Sunday, June 26, 2011

Sunday Night Tomfoolery (6)

Richard Henry Sellers (known as Peter to all and sundry) was born in 1925 and died in 1980. During those 55 years he became one of the Western world's best known comedians. In 2005 he was voted as the 14th top comedian but fellow comedians.

My previous Tomfoolery referred to his work as Inspector Clouseau in the Pink Panther movies, however his comedic work extended to radio, live performances and a variety of movie and television roles. I'll be looking at only a few of his works. This is a random selection and you'll note that I have not kept to any chronological (or any other) order. I hope this doesn't serve to confuse.

In the sixties, Peter Sellers produced a number of Beatles songs, covered using various accents, mostly in spoken word. Included in these are Can't Buy Me Love, She Loves You - both Irish and German, but my favourite, and probably the best known is Hard Day's Night, in the style of Laurence Olivier's interpretation of Richard III:

From the Beatles I am jumping forward to one of last works, on The Muppet Show (future Tomfoolery gold in them thar Muppet Shows!). Peter Sellers appeared on the Episode 43 in 1978, as various characters, including Inspector Clouseau, a viking, a gypsy violinist and a hillbilly.

Parts 1 and 3 can be found here and here. Here is the middle section of that show.

In 1969 he teamed up with Ringo Starr in The Magic Christian, a satirical story about how money can indeed buy everything. The movie is noted for the large supporting cast of household names (John Cleese, Spike Milligan, Richard Attenborough, Christopher Lee, Yul Brynner, Raquel Welch, Roman Polanski and Graham Chapman, just to name a few). Here is a scene found on Youtube with John, Peter and Ringo:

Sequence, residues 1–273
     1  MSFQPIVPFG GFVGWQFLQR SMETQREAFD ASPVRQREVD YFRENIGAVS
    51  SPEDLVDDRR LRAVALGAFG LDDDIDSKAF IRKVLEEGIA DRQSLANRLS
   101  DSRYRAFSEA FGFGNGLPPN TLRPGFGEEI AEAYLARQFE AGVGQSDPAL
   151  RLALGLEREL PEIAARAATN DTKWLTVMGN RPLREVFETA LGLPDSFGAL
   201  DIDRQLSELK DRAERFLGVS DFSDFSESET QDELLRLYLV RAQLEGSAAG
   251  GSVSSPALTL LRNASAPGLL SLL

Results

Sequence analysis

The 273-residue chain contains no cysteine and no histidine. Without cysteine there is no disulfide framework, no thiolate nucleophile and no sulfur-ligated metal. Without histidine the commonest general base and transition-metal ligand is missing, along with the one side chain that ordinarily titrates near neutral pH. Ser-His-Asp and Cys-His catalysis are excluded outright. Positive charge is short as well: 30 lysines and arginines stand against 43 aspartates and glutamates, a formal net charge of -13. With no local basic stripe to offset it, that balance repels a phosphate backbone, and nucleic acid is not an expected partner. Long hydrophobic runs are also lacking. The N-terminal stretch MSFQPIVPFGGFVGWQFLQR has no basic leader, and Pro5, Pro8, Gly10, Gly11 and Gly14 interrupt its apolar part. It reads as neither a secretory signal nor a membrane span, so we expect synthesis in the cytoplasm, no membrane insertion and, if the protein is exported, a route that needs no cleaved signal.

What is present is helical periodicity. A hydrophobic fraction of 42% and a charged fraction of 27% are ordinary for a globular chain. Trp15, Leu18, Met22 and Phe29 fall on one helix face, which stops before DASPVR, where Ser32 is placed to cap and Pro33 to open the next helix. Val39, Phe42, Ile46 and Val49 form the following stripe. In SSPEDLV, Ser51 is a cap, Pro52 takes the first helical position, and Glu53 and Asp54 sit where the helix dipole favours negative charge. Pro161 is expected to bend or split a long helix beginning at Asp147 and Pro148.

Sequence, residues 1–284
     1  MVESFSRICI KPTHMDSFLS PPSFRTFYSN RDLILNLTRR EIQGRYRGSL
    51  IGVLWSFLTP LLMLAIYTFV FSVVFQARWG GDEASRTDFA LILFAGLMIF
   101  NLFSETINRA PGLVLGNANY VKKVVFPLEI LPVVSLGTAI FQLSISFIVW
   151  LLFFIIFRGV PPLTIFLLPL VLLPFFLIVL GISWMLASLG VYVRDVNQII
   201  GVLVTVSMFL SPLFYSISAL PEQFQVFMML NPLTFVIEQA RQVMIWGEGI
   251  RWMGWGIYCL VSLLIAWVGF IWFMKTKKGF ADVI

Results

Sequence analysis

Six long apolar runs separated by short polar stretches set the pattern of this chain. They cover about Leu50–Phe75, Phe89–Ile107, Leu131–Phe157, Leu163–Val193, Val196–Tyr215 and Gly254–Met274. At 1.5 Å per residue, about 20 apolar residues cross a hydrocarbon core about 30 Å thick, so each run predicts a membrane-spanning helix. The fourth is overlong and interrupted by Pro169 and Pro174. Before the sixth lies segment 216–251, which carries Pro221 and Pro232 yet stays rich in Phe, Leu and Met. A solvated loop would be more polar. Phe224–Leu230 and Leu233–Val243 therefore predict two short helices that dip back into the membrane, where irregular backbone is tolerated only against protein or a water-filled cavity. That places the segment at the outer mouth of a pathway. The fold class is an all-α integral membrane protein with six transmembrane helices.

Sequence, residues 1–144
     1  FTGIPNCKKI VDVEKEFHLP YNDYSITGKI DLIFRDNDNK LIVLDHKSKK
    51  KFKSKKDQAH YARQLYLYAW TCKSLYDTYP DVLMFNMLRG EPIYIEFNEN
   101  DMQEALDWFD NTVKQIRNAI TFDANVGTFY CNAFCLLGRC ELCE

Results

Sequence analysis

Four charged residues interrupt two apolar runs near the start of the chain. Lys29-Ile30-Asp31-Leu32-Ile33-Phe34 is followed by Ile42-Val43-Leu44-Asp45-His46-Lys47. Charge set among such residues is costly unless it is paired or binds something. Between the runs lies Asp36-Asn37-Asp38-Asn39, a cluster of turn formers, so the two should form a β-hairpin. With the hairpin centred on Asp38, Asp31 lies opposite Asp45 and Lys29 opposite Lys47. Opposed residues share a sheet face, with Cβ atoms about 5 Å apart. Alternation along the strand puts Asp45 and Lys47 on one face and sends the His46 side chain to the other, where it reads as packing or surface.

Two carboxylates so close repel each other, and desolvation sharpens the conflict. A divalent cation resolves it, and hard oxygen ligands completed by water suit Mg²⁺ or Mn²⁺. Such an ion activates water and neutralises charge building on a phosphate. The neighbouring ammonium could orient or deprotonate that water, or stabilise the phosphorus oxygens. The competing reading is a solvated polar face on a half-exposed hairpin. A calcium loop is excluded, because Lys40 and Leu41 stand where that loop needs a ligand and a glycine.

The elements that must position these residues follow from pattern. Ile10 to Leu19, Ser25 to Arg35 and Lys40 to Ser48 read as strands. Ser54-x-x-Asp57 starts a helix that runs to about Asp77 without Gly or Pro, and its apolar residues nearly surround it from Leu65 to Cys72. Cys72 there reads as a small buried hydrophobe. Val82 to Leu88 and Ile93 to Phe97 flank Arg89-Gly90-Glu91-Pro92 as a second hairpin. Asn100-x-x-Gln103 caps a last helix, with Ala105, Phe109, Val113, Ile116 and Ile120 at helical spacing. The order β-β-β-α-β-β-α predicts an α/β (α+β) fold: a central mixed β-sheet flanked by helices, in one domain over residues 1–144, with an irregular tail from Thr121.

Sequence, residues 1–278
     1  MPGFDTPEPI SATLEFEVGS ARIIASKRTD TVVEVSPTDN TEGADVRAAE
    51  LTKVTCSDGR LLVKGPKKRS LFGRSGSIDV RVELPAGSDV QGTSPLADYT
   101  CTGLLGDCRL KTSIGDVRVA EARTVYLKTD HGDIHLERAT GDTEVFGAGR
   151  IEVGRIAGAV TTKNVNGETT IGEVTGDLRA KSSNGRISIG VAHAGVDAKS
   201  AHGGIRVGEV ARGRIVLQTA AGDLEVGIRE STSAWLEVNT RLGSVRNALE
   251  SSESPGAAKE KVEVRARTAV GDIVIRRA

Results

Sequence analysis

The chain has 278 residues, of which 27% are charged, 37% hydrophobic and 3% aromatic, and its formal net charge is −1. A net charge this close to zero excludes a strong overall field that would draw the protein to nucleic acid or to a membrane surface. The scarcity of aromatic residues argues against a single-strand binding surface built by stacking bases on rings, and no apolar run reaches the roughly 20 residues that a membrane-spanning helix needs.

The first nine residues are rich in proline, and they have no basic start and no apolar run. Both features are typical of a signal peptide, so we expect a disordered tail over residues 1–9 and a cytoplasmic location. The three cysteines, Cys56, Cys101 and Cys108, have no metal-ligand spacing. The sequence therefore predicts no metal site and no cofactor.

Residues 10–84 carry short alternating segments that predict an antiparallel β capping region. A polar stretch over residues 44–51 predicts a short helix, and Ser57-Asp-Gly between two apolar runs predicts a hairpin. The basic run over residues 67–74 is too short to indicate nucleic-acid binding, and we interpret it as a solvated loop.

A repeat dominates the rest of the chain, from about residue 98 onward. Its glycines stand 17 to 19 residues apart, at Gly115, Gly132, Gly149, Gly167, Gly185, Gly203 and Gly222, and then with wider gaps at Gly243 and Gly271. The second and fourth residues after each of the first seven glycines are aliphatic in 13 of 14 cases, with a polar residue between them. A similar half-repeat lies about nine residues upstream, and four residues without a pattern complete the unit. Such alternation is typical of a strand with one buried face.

In 1958 The Best of Sellers came out as an LP (for all my younger readers please refer to your parents as to what an LP is, or was). Included on this album are the following two tracks: The Trumpet Volunteer - an interview with rock star Tommy Iron, and Party Political Speech - showing that political speeches haven't changed a great deal since 1958.

FUN FACT NO. 1: Peter Sellers was the first male (and one of only 3) to appear on the front cover of Playboy magazine. This was back in April 1964.

Between 1951 and 1960 Peter Sellers, together with Harry Secombe, Spike Milligan and Michael Bentine created and appeared on The Goon Show originally heard on the BBC. A mixture of brilliant nonsensical humour, astonishing accents and bizarre sound effects were the hallmarks of this show. The Goon Show inspired later comedic artists and groups including Peter Cook, Monty Python and, surprisingly, The Beatles.

Here are just a couple of items from the Goon Show. The first is - What's the Time Eccles? - with Sellers as Bluebottle (?) and Milligan as Eccles.

And here is The Yeti - Part 1. Part 2 can be heard here.

Other stories from the Goon Show that can be found on YouTube include King Solomon's Mines, The Siege of Fort Knight, The String Robberies, and Ned's Atomic Dustbin.

There are so many other works that can be included here, including his Stanley Kubrick's Dr Strangeglove, the much acclaimed Being There, his last movie The Fiendish Plot of Dr Fu Manchu, or his serious role in Lolita. I will finish tonight with some scenes from one of my favourite Peter Sellers' movies, The Party. There is a very "late sixties" feel to this movie, it involves an elephant and a massive pool party, music by Henry Mancini and Sellers in the role of Hrundi V. Bakshi, "a bungling Indian actor accidentally gets invited to a lavish Hollyood Dinner party and "makes terrible mistakes based upon ignorance of Western ways (from a quote in Wikipedia). The first scene I have is essentially the opening of the movie as Bakshi ruins a large set piece being filmed in the style of Gunga Din:

The second and third are the famous Birdy Num Num scenes (there are a couple):

And the final is the baby elephant in the pool scene. This leads us to next week's Tomfoolery on elephants on Youtube.

Have a good week.

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